A guide to Makefiles!
A guide to Makefiles. Designed to be useful for students I TA at the University of British Columbia (UBC), but also hopefully more broadly applicable to other developers. (I’ve read a lot of Makefile tutorials, and most of them are a bit confusing. So, hopefully this rendition is a bit clearly for undergraduates.) The content here is mostly just a more accessible version of Chapter 2 of the
make manual, “An Introduction to Makefiles,” with some extra tidbits here and there.
Now, without further ado,
Table of Contents
make is a command line program that, in tandem with a
Makefile, allows one to ‘compile’ and ‘link’ small, medium, and large programs. If you’ve ever compiled a program, like
gcc main.c -o main; ./main
javac Main.java; java -cp . Main
clang++ main.cpp -o main; ./main
you’ll benefit from
make can be used to add “shortcuts” for various common commands as well, such as cleaning up undesired files from your project. It also only recompiles what is necessary which, while never particularly relevant for assignments consisting of less than 1,000 lines of code, becomes extraordinarily relevant in codebases of 1,000,000+ lines.
Firstly, make sure you have
make actually installed. Note this is not the same thing as
cmake. (I’m not proud to admit it, but I thought these were equivalents for a very long time.) You should also have
gcc working (and ideally some kind of Java installed). Again, new-to-C Windows users might have issues here; I recommend using Chocolatey to fix those issues (or better yet, WSL).
cmakeis a meta-
make(that is, like
make). It builds makefiles for various systems simultaneously. It has ‘profiles’ for different compilers and systems, and will automatically generate the correct flags, et cetera, on the fly. In short, it’s for huge projects, and I won’t be covering it in this guide.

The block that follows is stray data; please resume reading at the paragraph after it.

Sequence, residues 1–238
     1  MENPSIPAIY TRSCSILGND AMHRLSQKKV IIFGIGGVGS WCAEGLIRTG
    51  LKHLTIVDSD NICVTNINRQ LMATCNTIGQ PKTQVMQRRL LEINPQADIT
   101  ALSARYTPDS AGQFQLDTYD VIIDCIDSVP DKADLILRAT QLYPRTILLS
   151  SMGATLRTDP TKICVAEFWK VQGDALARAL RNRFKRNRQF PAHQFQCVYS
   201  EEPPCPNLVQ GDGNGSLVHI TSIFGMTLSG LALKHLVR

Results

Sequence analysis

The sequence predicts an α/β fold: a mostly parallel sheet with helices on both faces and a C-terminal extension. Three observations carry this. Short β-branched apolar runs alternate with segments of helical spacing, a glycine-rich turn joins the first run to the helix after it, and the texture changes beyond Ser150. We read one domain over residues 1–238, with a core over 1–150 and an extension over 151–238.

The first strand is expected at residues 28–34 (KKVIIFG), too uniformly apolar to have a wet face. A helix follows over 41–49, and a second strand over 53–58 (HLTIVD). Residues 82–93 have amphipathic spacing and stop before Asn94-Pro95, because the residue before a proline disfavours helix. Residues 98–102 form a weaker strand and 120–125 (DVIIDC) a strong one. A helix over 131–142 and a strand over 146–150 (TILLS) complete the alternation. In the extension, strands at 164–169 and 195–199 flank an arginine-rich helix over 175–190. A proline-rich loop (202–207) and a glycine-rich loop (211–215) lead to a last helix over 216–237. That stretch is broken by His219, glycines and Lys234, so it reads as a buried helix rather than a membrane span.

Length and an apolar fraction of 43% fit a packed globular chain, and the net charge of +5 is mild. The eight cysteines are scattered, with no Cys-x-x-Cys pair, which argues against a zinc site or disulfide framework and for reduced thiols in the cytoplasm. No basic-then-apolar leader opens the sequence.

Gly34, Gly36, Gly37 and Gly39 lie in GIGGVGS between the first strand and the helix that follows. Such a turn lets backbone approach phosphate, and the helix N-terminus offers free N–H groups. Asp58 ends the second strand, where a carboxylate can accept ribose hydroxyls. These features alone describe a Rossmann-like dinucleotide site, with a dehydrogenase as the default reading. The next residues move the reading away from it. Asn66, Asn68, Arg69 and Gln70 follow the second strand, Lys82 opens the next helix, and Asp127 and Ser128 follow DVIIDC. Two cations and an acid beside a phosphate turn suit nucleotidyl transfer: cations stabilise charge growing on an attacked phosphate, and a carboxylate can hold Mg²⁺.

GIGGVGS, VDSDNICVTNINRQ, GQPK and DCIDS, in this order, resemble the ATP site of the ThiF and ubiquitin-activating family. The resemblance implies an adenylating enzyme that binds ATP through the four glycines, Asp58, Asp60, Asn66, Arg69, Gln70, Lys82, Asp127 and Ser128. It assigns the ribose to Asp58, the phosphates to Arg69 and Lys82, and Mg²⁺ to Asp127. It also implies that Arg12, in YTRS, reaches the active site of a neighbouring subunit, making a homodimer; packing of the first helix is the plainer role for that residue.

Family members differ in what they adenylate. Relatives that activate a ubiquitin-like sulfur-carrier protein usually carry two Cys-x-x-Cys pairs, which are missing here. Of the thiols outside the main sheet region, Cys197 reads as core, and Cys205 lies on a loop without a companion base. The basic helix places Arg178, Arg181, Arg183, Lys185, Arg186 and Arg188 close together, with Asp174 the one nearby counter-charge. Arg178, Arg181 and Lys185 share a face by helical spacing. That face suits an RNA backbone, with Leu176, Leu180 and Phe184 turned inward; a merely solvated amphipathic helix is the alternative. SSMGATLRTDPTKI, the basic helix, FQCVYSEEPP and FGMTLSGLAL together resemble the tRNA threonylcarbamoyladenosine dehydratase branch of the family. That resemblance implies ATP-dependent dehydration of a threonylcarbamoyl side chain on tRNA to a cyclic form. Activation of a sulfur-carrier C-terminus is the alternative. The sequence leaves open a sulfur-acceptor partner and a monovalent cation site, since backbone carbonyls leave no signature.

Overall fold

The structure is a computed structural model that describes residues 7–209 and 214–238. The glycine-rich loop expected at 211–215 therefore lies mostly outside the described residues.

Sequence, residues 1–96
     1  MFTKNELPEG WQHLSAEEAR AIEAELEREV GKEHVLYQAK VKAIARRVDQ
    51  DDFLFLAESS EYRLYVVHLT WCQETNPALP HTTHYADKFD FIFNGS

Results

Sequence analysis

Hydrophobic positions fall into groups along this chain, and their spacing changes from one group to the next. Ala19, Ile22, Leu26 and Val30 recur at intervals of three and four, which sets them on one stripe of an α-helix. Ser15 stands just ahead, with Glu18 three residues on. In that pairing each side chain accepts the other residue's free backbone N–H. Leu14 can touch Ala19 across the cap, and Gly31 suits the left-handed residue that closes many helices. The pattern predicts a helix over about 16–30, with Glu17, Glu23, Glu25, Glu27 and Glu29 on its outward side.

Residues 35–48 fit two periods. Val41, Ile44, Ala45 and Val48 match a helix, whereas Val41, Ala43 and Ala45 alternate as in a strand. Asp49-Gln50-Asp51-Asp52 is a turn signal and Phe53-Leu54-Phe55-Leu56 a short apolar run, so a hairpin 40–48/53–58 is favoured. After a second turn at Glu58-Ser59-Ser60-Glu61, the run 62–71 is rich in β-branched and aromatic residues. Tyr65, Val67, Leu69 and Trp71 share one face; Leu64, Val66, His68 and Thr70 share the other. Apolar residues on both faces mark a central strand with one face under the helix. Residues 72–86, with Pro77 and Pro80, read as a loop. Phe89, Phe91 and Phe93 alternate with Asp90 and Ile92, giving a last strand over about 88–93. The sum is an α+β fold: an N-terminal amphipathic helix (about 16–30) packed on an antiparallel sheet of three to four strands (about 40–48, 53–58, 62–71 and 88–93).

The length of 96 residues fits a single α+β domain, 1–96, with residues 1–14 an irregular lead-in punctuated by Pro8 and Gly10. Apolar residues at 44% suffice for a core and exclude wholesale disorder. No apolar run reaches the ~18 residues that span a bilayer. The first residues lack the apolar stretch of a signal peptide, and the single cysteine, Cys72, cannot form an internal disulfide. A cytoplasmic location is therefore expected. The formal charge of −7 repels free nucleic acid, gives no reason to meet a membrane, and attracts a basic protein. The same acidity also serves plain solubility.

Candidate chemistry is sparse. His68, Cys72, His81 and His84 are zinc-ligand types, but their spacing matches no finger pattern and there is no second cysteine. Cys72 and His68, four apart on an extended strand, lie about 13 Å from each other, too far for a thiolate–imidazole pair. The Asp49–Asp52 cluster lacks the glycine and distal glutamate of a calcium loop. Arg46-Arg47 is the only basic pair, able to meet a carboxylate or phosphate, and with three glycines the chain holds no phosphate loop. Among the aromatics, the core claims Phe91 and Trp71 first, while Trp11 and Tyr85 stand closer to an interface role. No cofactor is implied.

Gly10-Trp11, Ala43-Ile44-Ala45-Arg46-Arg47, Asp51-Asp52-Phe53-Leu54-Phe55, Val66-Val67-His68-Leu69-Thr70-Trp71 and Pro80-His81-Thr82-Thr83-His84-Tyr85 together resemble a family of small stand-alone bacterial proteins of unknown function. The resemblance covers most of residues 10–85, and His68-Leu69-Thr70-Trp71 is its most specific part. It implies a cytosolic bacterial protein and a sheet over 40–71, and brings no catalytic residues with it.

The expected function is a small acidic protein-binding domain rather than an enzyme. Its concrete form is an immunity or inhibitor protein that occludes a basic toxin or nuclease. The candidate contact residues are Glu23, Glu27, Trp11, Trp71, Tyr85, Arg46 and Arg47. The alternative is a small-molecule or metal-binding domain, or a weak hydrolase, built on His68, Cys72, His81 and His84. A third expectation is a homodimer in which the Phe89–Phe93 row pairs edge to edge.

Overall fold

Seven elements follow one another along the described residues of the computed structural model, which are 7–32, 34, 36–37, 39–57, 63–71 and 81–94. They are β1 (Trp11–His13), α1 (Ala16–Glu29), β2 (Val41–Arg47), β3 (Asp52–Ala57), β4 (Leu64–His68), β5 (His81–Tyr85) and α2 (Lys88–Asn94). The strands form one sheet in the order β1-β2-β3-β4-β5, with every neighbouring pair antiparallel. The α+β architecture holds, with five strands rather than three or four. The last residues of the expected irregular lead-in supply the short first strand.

To check if you have
make installed, run
make --version. I see
GNU Make 4.2.1 [...] on my machine. If you see an error like,
“‘make’ is not recognized as an internal or external command, operable program or batch file” (from PowerShell, on Windows.)
“make”: command not found (from Linux, I believe.)
you need to install the software. Follow these steps; on Windows,
choco is your friend here.
make with no arguments. You should see the following.
$ make > make: *** No targets specified and no makefile found. Stop.
make is looking for a corresponding
Makefile and didn’t find one. Let’s start by creating one!
Makefiles are essential a set of different commands or “rules.” They have no file extension, and are just written in plaintext. Each rule has roughly the following structure.
target ...: prerequisites ... recipe ...
The target is the name of the file generated by the program. A prerequisite is dependency for the target, which should be another target itself. The recipe is the actual set of actions carried out. The target and recipe are required, but prerequisites are of course optional.
WARNING: Makefiles are picky about spacing, like Python. Each line in a recipe must be prefixed by a
TAB character. Four spaces don’t work; it really needs to be tabs. Just a note.
Let’s go back to the basic
gcc main.c -o main we all know and love. If you check out
examples/basic, we can see what this looks like in a Makefile. Begin by trying
$ gcc main.c -o main; ./main > H3llo, w0rld!
which works as normal. Now run
$ make; ./main > H3llo, w0rld!
our first Makefile! And it’s really just one line:
kind-of cool isn’t it? Though it’s a bit unorthodox, we could even do this for a Java file. Running the
examples/java file in VS Code gave some horrible command like
$ /usr/bin/env /home/mdema/.sdkman/candidates/java/current/bin/java \ --enable-preview \ -XX:+ShowCodeDetailsInExceptionMessages \ -Dfile.encoding=UTF-8 \ -cp /home/mdema/.vscode-server/data/[...]/bin \ examples.java.Main > Hello, world!
Imagine trying to memorize that! Instead, try
$ make > Hello, world!
cds in the Makefile; this is just for demonstration.) Clearly,
make can be used to run any set of commands. Rules are at their core, just a set of instructions, a “recipe”, that are just commands you would’ve had to run by hand in the shell.
Oftentimes, our programs are not just single files. What if we want to compile a bunch of
.c files and
.h files into a single executable? This is where object files (
.o) can truly benefit us. We can create rules to construct intermediate
.o files, and then create a “master” rule that combines (or better yet, links) a bunch of these object files together.
In sum, the template is something like this
main: something.o something_else.o something_else_other.o gcc -o main something.o \ something_else.o \ something_else_other.o something.o: something.c something.h defs.h gcc -c something.c something_else.o: something_else.c defs.h gcc -c something_else.c something_else_other.o: something_else_other.c constants.h defs.h gcc -c something_else_other.c
main, you would type